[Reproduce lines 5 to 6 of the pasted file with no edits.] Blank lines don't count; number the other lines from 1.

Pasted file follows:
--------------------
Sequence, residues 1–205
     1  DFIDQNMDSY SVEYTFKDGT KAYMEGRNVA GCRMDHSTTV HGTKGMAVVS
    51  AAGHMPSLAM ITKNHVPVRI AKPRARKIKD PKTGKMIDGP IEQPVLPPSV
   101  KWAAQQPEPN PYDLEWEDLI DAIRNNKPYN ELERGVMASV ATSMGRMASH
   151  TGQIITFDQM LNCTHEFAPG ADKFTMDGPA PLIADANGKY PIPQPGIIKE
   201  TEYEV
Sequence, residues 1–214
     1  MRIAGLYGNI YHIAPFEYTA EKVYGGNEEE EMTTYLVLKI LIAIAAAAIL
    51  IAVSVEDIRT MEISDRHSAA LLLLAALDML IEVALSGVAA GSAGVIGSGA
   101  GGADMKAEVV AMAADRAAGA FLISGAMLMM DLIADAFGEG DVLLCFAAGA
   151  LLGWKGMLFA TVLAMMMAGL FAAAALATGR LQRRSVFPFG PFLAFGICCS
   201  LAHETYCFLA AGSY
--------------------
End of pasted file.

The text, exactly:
   151  TGQIITFDQM LNCTHEFAPG ADKFTMDGPA PLIADANGKY PIPQPGIIKE
   201  TEYEV